Yes, it’s true, we shove about 100 new songs in your face on a daily basis, but we know your face holds a lot of songs, so we need to keep shoving. Be sure to chew them well and don’t try to talk while you’re doing it, ’cause you could choke to death.
Surely you know about Gruesome by now, because we’ve certainly written about them enough, and we even premiered a song from their debut album Savage Land. They give new meaning to the phrase Total Death Worship.
As of yesterday, the whole album became available for streaming. I don’t know why you wouldn’t go listen to it, unless you’re in a coma, in which case we wish you a speedy recovery and a pain-free removal of the catheter. Don’t forget to share photos of that for our collection. We’re thinking about turning them into a large-format NCS coffee-table book, The Art of Catheter Removal.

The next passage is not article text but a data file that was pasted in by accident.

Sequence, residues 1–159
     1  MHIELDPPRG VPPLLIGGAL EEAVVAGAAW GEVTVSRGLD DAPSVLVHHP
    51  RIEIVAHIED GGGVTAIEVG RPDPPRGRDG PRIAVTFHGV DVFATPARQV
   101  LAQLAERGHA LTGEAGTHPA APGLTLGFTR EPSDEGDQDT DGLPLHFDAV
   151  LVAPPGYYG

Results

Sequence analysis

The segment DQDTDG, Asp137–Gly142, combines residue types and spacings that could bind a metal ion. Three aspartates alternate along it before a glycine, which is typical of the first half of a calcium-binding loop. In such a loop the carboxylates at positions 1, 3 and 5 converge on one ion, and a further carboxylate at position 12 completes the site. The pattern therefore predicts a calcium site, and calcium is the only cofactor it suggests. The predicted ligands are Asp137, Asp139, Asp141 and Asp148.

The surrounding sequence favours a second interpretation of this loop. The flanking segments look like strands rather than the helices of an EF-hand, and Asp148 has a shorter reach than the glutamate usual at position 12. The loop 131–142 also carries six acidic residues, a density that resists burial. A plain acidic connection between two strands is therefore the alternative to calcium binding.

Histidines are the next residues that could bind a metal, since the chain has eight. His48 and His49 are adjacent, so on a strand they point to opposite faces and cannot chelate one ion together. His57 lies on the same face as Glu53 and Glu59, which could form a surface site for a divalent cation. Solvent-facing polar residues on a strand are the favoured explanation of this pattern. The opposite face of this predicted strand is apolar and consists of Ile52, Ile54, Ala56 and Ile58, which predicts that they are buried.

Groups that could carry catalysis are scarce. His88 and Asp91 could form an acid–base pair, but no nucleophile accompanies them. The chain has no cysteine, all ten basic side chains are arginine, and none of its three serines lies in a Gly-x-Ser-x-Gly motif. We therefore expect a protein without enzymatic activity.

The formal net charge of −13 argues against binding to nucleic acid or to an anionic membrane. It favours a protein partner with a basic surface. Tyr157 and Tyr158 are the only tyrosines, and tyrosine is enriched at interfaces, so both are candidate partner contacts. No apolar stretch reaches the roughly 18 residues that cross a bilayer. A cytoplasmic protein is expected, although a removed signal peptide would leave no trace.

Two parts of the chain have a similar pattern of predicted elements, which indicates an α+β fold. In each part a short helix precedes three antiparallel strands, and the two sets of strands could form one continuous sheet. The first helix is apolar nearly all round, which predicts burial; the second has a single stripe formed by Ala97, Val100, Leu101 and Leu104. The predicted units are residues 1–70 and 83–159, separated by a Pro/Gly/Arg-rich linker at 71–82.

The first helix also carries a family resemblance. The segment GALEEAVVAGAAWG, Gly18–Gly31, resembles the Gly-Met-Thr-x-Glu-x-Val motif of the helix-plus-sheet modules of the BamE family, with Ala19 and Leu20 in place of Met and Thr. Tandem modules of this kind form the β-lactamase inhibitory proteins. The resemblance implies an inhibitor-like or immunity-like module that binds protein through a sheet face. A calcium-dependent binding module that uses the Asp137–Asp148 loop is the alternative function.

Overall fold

Where was I? Oh yeah, there’s a stream of Savage Land at Decibel. It’s an exclusive, so you and your catheter will need to go here to listen, and you’ll both be glad you did:
Yesterday another full stream became available for an album from which we had the privilege of premiering a song: IX – Everyone, Everything, Everywhere, Ends by Sweden’s Shining, which is due for release on April 21 by Season of Mist. This one is also very much worth hearing in its entirety. This one is also very much exclusively streaming at Decibel, which means that we must again urge you to use this link and go hear it over there:
New York’s Skinless are back, featuring the same line-up that brought us Progression Towards Evil (1998): guitarist Noah Carpenter, vocalist Sherwood Webber, bassist Joe Keyser, and drummer Bob Beaulac, plus new second guitarist Dave Matthews. The new album is named Only the Ruthless Remain and it features cover art by Ken Sarafin. I enjoyed this quote from S. Webber:
“Ken Sarafin summed it up best when he said that upon listening to the new SKINLESS, his balls exploded and bigger ones grew in their place. That’s how we felt when making it!”